Your Most Underrated Transfer Pricing Strategy: Centralized Compliance
In speaking with clients and prospects, a common refrain is the need to do more with less, within shorter timelines. To accomplish this, tax departments need to streamline compliance and harness the power of centralized, automated solutions. Utilizing automated processes allows for better efficiency, workflow management, and deployment of tax department resources.
Software has many advantages over traditional compliance approaches, obviously, and by now, you’ve probably heard them all. However, one of the most overlooked benefits is it offers the ability to centralize transfer pricing compliance throughout the group. Traditional multi-office provider setups—say, an office in Italy, another in Australia, one in the U.S. and so on—can be detrimental to clients in today’s hawkish global tax landscape. Generally, there’s an “eat what you kill” environment, which typically means that individual offices are reticent on sharing revenue, so you only get one point of view on your documentation and overall transfer pricing strategy.
Believe it or not, having multiple offices working on your transfer pricing documentation can be worse than being limited by a lack of resources or a small in-house tax department. Each provider office will interact with your local subsidiary/branch, which creates another problem. That local office sees your subsidiary/branch as the client and works in the local entity’s best interest. As more localized consultants become involved, the potential for “message drift” or contradictions increases making it increasingly difficult to maintain a consistent narrative throughout the group’s transfer pricing documentation.
Software allows the tax department to standardize several aspects of the transfer pricing documentation process to obtain both efficiency and consistency. Running compliance from a centralized solution means that workflow and processes are streamlined, documentation is consistent, and when you have questions, you don’t have to play phone tag with consultants in different time zones—cloud-based reports are at your fingertips.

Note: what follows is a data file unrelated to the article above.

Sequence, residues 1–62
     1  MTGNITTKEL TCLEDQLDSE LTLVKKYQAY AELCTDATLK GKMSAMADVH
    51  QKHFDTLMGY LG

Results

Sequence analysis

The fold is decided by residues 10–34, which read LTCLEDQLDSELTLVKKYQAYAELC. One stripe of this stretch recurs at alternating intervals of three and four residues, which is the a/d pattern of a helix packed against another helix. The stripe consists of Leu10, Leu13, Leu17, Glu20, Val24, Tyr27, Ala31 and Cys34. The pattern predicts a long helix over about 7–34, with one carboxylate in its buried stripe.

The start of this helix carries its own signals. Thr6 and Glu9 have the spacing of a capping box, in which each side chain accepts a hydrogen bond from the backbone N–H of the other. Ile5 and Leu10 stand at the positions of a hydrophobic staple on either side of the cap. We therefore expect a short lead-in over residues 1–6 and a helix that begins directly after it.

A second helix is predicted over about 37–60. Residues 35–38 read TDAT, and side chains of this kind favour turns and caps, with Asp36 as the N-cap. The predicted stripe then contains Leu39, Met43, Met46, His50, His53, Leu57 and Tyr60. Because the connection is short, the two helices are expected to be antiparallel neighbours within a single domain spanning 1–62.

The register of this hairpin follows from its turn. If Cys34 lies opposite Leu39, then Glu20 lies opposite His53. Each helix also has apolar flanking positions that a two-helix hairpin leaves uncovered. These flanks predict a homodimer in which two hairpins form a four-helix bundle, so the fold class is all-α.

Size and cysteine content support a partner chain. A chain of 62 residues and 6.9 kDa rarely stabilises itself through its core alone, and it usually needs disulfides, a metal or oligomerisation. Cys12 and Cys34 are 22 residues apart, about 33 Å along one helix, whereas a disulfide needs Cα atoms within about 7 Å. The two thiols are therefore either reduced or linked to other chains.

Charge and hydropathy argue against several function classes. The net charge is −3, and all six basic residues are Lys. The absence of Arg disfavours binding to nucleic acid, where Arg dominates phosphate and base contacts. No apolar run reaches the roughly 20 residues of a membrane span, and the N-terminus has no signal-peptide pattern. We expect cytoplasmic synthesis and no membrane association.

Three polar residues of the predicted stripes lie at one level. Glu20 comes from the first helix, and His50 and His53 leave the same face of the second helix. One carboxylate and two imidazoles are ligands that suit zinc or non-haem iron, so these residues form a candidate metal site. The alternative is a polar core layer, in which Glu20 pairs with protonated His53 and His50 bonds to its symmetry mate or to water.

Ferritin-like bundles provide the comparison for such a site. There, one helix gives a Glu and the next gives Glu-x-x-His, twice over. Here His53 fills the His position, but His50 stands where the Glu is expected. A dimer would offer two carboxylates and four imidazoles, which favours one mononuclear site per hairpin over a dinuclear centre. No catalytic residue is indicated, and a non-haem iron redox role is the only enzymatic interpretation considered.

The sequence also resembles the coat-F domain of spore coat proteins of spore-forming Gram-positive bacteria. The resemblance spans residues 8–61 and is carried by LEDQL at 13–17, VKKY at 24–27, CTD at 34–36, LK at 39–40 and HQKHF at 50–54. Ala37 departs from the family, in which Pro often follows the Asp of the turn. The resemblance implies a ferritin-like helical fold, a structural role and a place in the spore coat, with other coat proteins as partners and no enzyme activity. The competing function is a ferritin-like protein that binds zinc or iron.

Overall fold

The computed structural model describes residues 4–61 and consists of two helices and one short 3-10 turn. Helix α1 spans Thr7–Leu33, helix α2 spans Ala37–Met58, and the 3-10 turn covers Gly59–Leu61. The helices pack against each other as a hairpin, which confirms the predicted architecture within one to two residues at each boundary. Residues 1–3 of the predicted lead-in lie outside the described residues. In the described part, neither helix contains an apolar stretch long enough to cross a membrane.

A technology-based solution also reduces the work repetition that can stem from having multiple offices involved—not to mention, the cost of duplicate efforts. Why pay two offices to document the same data when software can automatically roll forward standard information? Take management services, for example. Most multinational organizations have significant redundancy in intercompany services such as Payroll, Human Resources, Tax, Legal, and IT, and the description from one company to another doesn’t vary—your employees need to be paid, their progress in the company needs to be recorded, etc. Within this group, variety is at a minimum—and software can easily duplicate the content of common transactions.
Companies also have specialized services which usually contain aspects that are unique to each organization but may be repeated by several different companies within the organization. By providing a uniform procedure applicable to the companies performing this function, you achieve both a consistent definition and a standard description of the activity to build your transfer pricing documentation around.
That consistency is hugely important. Today, there are more than 3,500 exchange agreements in place for transfer pricing reports, as well as over 1,000 automatic CBCR exchanges, so we know that authorities are exchanging information and comparing the reports. Consistency is also important when a company is contemplating selling off an operating unit. More emphasis is being placed on examining transfer pricing documentation during the due diligence phase and within this phase, inconsistent documentation could be fatal to consummating a sale. Buyers are not interested in purchasing audits or problems.
Of course, there are aspects that are unique to each entity, such as street address, registered office, officers etc. But while financial statements and transaction volumes may vary between entities, the basic structure of the narrative should remain consistent with all others within the group.
Conceptually, if nothing has changed organically within the companies in the group, your automated solution is ready to roll forward the narrative on the first day of the new fiscal year. Sure, the attest audit will still need to be completed and the companies that make up your benchmark set are also completing their attest audits, but then being prepared and ready is never a bad position to be in—even if you have to wait for everyone else to catch up.